Look at LOC Precisions site. They do an avionics bay for 3" & 4" kits. I
know that's not the size you want, but there is a very good diagram of how
is constructed which may help you out in making a well designed bay from
I have had good luck creating a 2 inch bay from the LOC 54/38 mm motor mount
adapter. I glue the thrust ring to the middle of the coupler tube. Epoxy
both of the centering rings an 1/8 inch deep into each end of the coupler
tube. Discard the motor tube to the spare parts bin and purchase 2 couple
bulk plates to use as end caps....drill then for 1/8 inch all thread and
voila....2 inch electronics bay.
If your interested I have some photos of a 54mm ebay I did on my Phobos.
Extremely simple design and very functional. Send me a line at tdstr
at visi dot com and I'll dig them up.
Email Giant Leap Rocketry. I have their 4 inch version and it is
first class. I'm sure they can provide the pieces to do a 2 inch
John<==the 1/4 inch all thread may be a little oversized, though
I put together a 2.25" diameter electronics bay. You can
view the results / example pictures here:
XAVIEN and U.S. Rockets are currently putting together a kit for the
smaller diameter series.
Good luck, let me know if you have any questions.
* XAVIEN *
Phoenix, Az USA
Building an altimeter bay is easy. I have built my particular version in
sizes from 2" to 6" diameter with no troubles.
2 ea. bulkheads sized for couplers
Cut a length of coupler to at least twice the diameter of the airframe.
For a 2" airframe this is at least 4". The length of your altimeter will
determine the required length in this case. The interior needs to be
long enough for the altimeter and provide clearance for the hardware in
Cut another length of coupler that is the same length minus the
thickness of the two bulkheads. Slit it lengthwise and remove a slice of
material sufficient to let it slide into the first coupler.
Slide it into the first coupler and test fit the bulkheads. Make any
adjustments required. Now remove the bulkheads and use CA on the inner
coupler to keep it in place.
Now epoxy in one of the bulkheads. You probably want to install the U or
eye-bolt first. Be sure to use a little Loc-tite or equivalent on the nut.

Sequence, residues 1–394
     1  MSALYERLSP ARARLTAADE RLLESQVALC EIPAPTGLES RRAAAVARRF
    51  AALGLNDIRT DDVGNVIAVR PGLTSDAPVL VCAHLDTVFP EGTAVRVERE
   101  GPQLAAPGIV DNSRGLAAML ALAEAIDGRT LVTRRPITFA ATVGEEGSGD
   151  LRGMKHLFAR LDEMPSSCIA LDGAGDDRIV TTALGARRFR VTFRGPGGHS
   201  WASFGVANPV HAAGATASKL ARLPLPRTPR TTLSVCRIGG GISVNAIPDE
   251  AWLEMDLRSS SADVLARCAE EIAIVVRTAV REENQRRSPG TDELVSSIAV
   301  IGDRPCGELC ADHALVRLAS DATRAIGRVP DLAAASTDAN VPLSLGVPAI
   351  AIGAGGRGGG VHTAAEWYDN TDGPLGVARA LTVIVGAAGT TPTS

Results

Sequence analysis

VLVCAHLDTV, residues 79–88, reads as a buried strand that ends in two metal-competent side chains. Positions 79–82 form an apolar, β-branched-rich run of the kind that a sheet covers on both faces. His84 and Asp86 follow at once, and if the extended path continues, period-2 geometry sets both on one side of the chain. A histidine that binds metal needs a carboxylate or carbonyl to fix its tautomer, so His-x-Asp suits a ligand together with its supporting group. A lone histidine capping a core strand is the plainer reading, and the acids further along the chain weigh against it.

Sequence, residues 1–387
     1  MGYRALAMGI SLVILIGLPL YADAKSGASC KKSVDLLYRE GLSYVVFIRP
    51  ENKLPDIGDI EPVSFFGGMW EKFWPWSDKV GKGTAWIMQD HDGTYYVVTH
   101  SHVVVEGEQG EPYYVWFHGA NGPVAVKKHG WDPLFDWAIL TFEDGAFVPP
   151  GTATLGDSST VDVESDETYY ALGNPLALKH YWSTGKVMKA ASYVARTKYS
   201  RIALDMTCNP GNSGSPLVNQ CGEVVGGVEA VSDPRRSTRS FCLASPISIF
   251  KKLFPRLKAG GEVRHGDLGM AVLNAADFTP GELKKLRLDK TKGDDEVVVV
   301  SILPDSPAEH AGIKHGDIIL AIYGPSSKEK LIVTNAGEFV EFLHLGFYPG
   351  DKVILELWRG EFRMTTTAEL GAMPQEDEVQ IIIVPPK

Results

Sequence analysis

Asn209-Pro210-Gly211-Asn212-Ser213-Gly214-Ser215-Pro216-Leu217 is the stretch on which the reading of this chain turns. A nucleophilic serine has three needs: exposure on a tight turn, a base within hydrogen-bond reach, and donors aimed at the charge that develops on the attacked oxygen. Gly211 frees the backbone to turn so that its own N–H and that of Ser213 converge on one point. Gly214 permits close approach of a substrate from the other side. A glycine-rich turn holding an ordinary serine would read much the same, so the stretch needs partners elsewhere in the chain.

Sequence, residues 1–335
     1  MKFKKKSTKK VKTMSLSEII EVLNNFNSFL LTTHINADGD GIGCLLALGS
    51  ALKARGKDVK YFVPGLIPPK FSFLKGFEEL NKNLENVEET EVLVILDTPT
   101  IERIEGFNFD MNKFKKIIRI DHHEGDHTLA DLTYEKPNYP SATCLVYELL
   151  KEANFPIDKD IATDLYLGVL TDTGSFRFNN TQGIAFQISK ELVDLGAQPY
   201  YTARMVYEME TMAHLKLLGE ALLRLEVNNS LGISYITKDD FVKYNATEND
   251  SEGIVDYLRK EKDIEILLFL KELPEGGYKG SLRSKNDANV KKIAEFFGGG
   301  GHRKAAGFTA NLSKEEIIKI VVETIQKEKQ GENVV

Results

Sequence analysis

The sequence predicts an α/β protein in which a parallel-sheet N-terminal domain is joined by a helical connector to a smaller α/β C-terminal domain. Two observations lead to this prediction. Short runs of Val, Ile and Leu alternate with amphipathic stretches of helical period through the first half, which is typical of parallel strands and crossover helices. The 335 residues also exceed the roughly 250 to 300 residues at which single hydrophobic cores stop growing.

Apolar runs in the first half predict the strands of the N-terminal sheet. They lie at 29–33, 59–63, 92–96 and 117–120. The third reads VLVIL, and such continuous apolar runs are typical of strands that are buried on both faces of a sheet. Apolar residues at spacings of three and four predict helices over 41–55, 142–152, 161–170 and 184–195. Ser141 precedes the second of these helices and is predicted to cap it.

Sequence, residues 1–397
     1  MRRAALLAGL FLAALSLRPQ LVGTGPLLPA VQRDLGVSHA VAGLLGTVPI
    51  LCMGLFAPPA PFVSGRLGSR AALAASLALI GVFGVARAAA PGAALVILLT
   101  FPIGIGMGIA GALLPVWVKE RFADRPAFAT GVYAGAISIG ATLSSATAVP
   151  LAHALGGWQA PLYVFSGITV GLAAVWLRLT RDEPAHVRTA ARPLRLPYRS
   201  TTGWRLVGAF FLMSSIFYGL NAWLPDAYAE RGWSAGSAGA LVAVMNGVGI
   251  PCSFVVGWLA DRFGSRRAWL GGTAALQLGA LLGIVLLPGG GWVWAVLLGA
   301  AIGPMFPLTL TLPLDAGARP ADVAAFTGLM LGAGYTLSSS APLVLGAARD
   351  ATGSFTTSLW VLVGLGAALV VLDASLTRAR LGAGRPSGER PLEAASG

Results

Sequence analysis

Now drill the bulkhead and install one or more pieces of threaded rod
that run the full length of the coupler to the other bulkhead.
Fill out the other details such as altimeter mounting, holes for wires,
U-bolts, and you are done.
Because I typically use an AltAcc, I do a slight variation on this. The
AltAcc is designed to bolt to the inside of the airframe. Rather than
add extra unsightly bolt heads on the outside, I put them inside. Before
gluing the two coupler pieces together, I first drill the altimeter
mounting holes. The inner coupler has small holes for the machine screws
and the outer coupler has holes larger enough for the screw heads. PML
coupler is typically thick enough that the screw heads do not interfere
with sliding into the airframe. If they do, a little work with a file
solves that problem.
To make sure everything lines up the way I want, I start by fitting the
coupler into the body tube where I want it. Then I drill the arming and
LED holes through the body tube and coupler. Now I measure the mounting
holes in the coupler from these holes.
To prevent mixups in the field, I install a wire harness with a
polarized connector on the altimeter and in the altimeter bay. This
makes it easy to install the altimeter and I don't have to worry about
mixing up drogue and main. Which happens more often that you would think.
Altimeter bays are as simple or complicated as you care to make them.
David W. Schultz
If you cannot get a long enough piece of coupler tubing, take 3 couplers and
slit one of them to use as an internal splice for the other two. If it
will be a coupler bay between the booster and payload bays, glue a short
length of body tube over the splice as well. Add bulkheads, etc. just like
the fatter bays. Not all units will fit in a bay like this, but most of
the smaller ones will.
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